The Herald Bulletin

December 14, 2013

Wet winter wonderland

Snow, rain hit Madison County, but few accidents reported

By Zach Osowski
The Herald Bulletin

ANDERSON, Ind. — Snow started falling around 7 p.m. Friday night in Anderson and precipitation continued to fall all day in the city, changing from snow to rain and then back to snow.

Despite the near-continuous snow and rain, there were not a lot of slide-offs and accidents reported compared to some of the other storms that have already hit this year.

James Janes, a dispatcher for the Anderson Police Department, said since 7 p.m. Friday night, officers had been called to a total of 16 accidents. All of them were property damage incidents with no injuries reported.

“That’s actually not bad, considering the conditions,” Janes said.

The same was true at the Madison County dispatch center, with only a couple of minor accidents reported Friday night.

“I think people are taking heed and making good judgments,” said dispatcher Shelia Love. “The roads are slick and hazardous and people need to take their time.”

Despite the dangerous conditions, Love said there were still a fair number of drivers out on the roads Saturday morning.

By 9:30 a.m., Steve Turner, a foreman for Anderson street department, said the main thoroughfares were about 75 to 80 percent clear.

“We try to get those first, like MLK and 56th Street,” Turner said. “We’ve been working on those all night.”

He said the side roads were slowly being worked on, but the majority of the manpower was being spent on keeping the most heavily trafficked roads clean.

Crews started working on the roads at around 7 p.m. Friday night and continued throughout Saturday. Turner said meteorologists were calling for the snow/rain mix to continue falling until 4:30 or 5 p.m. Saturday afternoon. Once it let up, plans were to continue adding salt and cleaning side roads to try and prevent freezing.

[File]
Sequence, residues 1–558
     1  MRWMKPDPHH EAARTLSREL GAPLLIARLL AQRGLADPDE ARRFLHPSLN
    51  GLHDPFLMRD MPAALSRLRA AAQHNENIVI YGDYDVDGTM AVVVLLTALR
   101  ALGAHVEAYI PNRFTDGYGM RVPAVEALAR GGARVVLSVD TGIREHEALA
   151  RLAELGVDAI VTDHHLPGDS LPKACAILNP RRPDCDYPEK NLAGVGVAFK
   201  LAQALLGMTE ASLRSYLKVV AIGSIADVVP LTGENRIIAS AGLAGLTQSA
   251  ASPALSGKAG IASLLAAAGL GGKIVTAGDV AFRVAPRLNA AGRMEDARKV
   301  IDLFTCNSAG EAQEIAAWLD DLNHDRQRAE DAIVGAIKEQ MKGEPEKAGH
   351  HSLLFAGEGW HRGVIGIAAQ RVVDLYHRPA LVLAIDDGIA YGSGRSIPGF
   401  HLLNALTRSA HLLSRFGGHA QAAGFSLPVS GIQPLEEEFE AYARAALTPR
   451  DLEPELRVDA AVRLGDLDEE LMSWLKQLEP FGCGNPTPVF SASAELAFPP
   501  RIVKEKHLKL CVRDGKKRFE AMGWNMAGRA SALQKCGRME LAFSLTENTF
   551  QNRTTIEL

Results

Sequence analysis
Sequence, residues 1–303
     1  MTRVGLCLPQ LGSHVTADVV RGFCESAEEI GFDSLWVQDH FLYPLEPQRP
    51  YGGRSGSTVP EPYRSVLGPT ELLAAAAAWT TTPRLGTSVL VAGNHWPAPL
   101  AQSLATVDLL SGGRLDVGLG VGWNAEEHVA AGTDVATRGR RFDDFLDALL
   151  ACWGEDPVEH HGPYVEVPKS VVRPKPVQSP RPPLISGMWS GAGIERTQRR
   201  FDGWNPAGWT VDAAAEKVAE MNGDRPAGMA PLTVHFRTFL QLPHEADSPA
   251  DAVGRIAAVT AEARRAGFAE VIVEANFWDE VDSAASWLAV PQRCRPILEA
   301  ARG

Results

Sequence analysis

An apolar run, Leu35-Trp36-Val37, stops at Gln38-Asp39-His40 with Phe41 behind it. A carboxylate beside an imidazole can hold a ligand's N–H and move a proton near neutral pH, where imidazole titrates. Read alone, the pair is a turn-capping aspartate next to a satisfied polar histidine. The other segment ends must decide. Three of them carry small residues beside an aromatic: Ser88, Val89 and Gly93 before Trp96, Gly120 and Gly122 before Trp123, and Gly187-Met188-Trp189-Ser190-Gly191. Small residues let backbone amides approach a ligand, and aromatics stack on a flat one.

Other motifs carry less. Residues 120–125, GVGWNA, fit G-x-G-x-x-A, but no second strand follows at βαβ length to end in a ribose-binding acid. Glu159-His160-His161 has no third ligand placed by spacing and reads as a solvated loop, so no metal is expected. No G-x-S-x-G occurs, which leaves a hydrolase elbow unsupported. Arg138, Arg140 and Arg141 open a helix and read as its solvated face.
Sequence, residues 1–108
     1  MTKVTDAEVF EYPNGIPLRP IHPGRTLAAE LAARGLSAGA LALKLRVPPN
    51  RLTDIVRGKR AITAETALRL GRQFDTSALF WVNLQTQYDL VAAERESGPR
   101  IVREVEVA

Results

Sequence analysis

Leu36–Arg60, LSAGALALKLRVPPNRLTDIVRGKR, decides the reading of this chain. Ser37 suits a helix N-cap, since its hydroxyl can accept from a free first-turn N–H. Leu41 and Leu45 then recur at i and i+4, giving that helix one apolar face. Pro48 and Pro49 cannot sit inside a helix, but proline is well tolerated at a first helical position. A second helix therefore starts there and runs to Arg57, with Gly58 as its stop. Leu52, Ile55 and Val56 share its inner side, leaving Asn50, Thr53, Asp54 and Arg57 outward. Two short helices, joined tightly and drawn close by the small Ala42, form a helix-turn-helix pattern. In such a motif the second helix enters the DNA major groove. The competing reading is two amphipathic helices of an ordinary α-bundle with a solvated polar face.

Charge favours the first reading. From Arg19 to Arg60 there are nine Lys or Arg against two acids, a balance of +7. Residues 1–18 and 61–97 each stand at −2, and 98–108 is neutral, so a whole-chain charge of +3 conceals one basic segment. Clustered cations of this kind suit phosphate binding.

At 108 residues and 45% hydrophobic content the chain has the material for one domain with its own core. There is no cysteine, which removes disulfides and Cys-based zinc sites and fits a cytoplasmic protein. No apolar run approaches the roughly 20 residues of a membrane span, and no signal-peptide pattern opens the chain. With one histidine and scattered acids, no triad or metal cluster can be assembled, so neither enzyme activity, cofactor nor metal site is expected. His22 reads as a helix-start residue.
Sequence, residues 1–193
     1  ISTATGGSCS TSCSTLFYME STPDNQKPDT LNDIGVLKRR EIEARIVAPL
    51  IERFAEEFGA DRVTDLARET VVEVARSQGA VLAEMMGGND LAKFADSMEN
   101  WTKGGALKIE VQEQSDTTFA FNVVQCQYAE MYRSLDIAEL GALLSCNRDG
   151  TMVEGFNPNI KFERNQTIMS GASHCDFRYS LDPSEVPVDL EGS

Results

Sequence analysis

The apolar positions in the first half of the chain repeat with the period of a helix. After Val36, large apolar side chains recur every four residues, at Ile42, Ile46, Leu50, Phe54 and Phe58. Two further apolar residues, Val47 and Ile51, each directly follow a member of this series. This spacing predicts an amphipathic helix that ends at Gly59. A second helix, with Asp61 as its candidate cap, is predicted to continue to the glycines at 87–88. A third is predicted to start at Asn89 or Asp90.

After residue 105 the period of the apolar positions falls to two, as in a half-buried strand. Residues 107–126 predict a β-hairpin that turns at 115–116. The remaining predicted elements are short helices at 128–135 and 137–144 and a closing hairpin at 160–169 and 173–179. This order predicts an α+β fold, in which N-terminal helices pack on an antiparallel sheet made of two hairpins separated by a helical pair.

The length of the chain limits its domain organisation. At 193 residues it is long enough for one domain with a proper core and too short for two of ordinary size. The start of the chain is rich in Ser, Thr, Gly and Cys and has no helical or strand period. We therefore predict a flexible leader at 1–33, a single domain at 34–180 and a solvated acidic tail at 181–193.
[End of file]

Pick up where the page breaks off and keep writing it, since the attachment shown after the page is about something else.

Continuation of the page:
The hard work by the roads crews paid off for locals who wanted to spend the day shopping at Mounds Mall.

Melissa Detrick said she drove all the way from the Frankton area to do some shopping. She said the roads were clear and she didn’t have any problems getting to Anderson.

The same was true for Mike and Teresa Morgan, who came to the mall for their niece’s birthday party. They said they live on the east side of Anderson and had no problems getting around.

“We didn’t have any trouble getting out,” Mike Morgan said. “I spent about an hour shoveling the driveway but the roads were good.”

He said the side roads were still a little slick, but the main roads were in good shape.

The added element of rain could have an adverse effect on travel for this morning, with temperatures predicted to drop into the teens. Any water or slush left on the roads could freeze solid.

Joseph Nield, a meteorologist with the National Weather Service, said with the dropping temperatures the water could easily refreeze. He said that if road crews continued to be successful at keeping the roads clear, freezing should be kept to a minimum.

Nield added that the Madison County area got about five inches of snow and rain over the course of Saturday.

The National Weather Service is calling for a chance of flurries today with a high of only 17 degrees. There will be a slight wind, which could drop the wind chill into the negative digits during the day.

Nield said there is a chance of flurries for the next several days but doesn’t anticipate any type of accumulation.

Follow Zach Osowski on Twitter @Osowski_THB, or call 640-4847.